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Forty-five years ago this month, Gemini 7 set a new record for long-duration manned spaceflight.  The official lift-off-to-splashdown flight duration was 330 hours, 35 minutes and 1 second.

Project Gemini was the critical bridge between America’s fledging manned spaceflight effort – Project Mercury – and the bold push to land men on the Moon – Project Apollo.  While the events and importance of this program have faded somewhat with the passage of time, there would have been no manned lunar landing in the decade of the 1960’s without Project Gemini.

On Thursday, 25 May 1961, President John F. Kennedy addressed a special session of the U.S. Congress on the topic of  “Urgent National Needs”.  Near the end of his prepared remarks, President Kennedy proposed that the United States “should commit itself to achieving the goal, before this decade is out, of landing a man on the moon and returning him safely to the earth.”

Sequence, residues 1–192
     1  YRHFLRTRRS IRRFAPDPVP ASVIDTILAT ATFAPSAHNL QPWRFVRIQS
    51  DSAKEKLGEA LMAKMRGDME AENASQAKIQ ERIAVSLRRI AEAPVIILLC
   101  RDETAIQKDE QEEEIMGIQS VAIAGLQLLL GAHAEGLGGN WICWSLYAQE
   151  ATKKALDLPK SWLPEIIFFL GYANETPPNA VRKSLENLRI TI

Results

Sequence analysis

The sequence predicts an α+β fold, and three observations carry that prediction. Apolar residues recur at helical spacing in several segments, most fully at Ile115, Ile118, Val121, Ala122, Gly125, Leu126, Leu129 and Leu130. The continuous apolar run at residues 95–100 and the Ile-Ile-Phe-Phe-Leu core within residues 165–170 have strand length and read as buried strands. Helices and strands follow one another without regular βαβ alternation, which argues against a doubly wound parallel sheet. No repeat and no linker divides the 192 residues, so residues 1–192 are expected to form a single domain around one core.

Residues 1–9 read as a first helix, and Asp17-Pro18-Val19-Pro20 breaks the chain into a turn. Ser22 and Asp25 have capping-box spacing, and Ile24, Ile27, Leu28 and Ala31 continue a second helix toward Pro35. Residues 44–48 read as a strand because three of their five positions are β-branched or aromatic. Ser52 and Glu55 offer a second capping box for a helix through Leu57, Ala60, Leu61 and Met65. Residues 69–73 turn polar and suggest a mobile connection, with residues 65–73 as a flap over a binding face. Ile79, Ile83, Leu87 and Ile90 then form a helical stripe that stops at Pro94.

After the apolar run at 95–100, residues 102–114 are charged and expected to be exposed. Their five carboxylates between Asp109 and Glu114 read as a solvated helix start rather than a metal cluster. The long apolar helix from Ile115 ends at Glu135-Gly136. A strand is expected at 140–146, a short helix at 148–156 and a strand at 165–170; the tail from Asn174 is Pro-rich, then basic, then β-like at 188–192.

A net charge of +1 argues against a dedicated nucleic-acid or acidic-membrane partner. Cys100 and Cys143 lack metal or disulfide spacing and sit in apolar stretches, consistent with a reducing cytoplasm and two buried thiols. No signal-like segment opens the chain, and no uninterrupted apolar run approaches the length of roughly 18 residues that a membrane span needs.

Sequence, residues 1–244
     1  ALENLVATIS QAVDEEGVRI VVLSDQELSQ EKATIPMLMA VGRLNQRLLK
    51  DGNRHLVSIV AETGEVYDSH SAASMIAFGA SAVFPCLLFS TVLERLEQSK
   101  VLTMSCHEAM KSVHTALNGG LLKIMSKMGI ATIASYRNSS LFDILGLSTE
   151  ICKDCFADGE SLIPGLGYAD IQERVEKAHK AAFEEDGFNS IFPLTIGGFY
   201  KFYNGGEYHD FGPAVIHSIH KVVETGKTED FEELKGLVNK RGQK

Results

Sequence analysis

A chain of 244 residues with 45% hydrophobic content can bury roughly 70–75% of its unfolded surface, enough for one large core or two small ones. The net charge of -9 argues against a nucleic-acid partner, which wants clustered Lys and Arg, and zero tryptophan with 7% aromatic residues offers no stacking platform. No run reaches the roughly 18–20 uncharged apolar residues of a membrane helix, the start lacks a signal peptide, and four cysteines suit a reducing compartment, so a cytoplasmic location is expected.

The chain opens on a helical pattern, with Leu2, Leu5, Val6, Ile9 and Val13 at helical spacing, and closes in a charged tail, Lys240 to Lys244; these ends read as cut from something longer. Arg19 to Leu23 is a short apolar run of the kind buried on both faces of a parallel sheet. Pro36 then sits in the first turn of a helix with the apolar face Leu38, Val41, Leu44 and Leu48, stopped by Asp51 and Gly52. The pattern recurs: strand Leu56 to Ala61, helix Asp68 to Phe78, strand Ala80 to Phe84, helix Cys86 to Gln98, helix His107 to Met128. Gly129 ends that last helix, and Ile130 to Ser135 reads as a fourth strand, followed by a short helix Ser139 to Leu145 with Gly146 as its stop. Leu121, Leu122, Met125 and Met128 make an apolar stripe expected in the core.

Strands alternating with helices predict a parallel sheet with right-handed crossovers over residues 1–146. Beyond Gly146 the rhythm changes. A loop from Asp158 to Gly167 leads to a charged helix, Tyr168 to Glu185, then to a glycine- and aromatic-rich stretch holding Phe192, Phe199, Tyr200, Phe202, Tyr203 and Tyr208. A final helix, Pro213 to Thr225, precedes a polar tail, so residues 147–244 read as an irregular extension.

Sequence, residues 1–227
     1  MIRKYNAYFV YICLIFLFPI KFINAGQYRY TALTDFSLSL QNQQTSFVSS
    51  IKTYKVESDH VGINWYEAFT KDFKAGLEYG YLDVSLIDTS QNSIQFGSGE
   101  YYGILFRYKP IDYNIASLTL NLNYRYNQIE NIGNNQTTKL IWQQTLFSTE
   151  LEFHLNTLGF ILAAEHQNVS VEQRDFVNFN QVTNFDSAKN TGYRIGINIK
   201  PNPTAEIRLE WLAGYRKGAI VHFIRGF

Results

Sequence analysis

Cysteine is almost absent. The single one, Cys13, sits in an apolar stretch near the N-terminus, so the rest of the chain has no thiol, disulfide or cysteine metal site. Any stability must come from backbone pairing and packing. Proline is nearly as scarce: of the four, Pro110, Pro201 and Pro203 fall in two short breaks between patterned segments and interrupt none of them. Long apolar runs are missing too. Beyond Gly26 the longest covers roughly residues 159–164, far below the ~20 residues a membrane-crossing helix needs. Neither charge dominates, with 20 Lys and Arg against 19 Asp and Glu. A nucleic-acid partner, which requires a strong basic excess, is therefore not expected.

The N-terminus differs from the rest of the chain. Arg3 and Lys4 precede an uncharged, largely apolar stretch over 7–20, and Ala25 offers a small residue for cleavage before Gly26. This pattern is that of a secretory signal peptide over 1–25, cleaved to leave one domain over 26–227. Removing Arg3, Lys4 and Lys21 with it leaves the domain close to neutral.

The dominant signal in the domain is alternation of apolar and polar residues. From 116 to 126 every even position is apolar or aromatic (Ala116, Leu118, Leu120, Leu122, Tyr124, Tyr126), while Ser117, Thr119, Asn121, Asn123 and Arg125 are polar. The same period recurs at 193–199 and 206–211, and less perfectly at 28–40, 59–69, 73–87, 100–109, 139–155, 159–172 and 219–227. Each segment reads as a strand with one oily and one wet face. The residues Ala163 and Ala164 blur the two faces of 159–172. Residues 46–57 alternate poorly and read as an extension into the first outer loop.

At the time of the President’s clarion call to go to the Moon, the United States had accrued a total of 15 minutes of manned spaceflight experience.  That quarter hour of spacefaring activity had come just 20 days previous.  Indeed, Alan B. Shephard became the first American to be launched into space when he rode his Freedom 7 Mercury spacecraft on a sub-orbital trajectory down the Eastern Test Range on Tuesday, 05 May 1961.

America responded enthusiastically to the manned lunar landing goal.  However, no one really knew exactly how to go about it!  After considering several versions of direct ascent from the Earth to the Moon, NASA ultimately decided to use a method proposed by engineer John C. Houbolt known as Lunar Orbit Rendezvous (LOR).  As a result, NASA would have to invent and master the techniques of orbital rendezvous.

Project Gemini provided the technology and flight experience required for a manned lunar landing and return.  In the 20 months between March of 1965 and November of 1966, a total of 10 two-man Gemini missions were flown.  During that time, the United States learned to navigate, rendezvous and dock in space, fly for long durations and perform extra-vehicular activities.